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Does Input Quality Drive Measured Differences In Firm Productivity?

  • Jeremy T. Fox
  • Valérie Smeets

Firms in the same industry can differ in measured productivity by multiples of 3. Griliches (1957) suggests one explanation: the quality of inputs differs across firms. We add labor market history variables such as experience and firm and industry tenure, as well as general human capital measures such as schooling and sex. We also use the wage bill and worker fixed effects. We show adding human capital variables and the wage bill decreases the ratio of the 90th to 10th productivity quantiles from 3.27 to 2.68 across eight Danish manufacturing and service industries. The productivity dispersion decrease is roughly of the same order of magnitude as some competitive effects found in the literature, but input quality measures do not explain most productivity dispersion, despite economically large production function coefficients. We find that the wage bill explains as much dispersion as human capital measures.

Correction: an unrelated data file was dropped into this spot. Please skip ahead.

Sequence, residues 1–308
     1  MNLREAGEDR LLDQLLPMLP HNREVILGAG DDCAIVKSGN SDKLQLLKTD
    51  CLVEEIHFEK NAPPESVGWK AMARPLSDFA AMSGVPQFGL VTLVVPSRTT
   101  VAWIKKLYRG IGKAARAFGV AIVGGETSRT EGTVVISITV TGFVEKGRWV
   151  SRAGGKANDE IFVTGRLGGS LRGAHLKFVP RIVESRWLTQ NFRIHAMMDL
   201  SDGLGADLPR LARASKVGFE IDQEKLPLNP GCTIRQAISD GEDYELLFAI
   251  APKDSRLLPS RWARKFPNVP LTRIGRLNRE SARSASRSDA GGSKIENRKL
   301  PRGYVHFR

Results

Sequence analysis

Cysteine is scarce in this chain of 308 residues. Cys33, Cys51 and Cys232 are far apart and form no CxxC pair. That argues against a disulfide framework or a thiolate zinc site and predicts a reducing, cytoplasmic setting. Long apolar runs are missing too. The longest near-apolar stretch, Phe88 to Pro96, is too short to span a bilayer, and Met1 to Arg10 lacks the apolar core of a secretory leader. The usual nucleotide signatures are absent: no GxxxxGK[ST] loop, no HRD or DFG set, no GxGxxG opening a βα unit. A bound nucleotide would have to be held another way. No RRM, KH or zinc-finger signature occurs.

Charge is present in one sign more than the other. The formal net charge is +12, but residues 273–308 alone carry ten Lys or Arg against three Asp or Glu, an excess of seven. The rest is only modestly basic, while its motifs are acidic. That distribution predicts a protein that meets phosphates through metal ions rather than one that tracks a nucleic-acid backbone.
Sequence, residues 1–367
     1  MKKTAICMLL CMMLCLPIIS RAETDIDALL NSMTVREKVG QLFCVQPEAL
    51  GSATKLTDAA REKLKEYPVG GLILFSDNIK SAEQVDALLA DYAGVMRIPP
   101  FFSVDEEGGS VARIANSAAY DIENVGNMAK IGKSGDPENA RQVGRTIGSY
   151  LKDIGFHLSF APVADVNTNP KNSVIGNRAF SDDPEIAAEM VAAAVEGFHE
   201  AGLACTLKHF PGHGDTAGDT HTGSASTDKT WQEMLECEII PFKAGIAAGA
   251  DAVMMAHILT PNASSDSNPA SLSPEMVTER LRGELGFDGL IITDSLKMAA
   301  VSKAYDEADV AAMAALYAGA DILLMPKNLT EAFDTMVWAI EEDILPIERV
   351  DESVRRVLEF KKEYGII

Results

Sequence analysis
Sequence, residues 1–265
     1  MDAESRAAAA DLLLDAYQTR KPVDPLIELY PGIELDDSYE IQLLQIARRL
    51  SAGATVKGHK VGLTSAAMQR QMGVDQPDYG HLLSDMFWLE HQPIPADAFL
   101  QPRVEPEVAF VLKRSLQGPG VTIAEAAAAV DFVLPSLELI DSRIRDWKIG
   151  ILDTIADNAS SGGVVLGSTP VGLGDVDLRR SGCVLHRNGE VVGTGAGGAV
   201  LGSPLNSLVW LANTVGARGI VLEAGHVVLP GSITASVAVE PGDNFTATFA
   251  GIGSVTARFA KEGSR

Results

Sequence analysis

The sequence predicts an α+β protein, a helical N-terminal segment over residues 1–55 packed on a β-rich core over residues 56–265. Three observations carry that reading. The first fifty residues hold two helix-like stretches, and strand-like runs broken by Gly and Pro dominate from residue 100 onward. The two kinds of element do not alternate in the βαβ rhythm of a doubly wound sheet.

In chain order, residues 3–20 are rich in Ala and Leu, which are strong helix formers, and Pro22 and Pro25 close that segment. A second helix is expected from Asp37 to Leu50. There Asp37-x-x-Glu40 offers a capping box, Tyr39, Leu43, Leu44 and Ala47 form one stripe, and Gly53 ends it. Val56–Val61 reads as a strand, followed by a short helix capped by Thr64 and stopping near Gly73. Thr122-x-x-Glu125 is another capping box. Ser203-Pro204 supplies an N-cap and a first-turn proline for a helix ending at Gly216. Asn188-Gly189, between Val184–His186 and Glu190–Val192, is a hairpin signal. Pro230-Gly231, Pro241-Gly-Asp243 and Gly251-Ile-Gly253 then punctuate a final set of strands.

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File URL: http://hdl.handle.net/10.1111/j.1468-2354.2011.00656.x
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Article provided by Department of Economics, University of Pennsylvania and Osaka University Institute of Social and Economic Research Association in its journal International Economic Review.

Volume (Year): 52 (2011)
Issue (Month): 4 (November)
Pages: 961-989

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Handle: RePEc:ier:iecrev:v:52:y:2011:i:4:p:961-989
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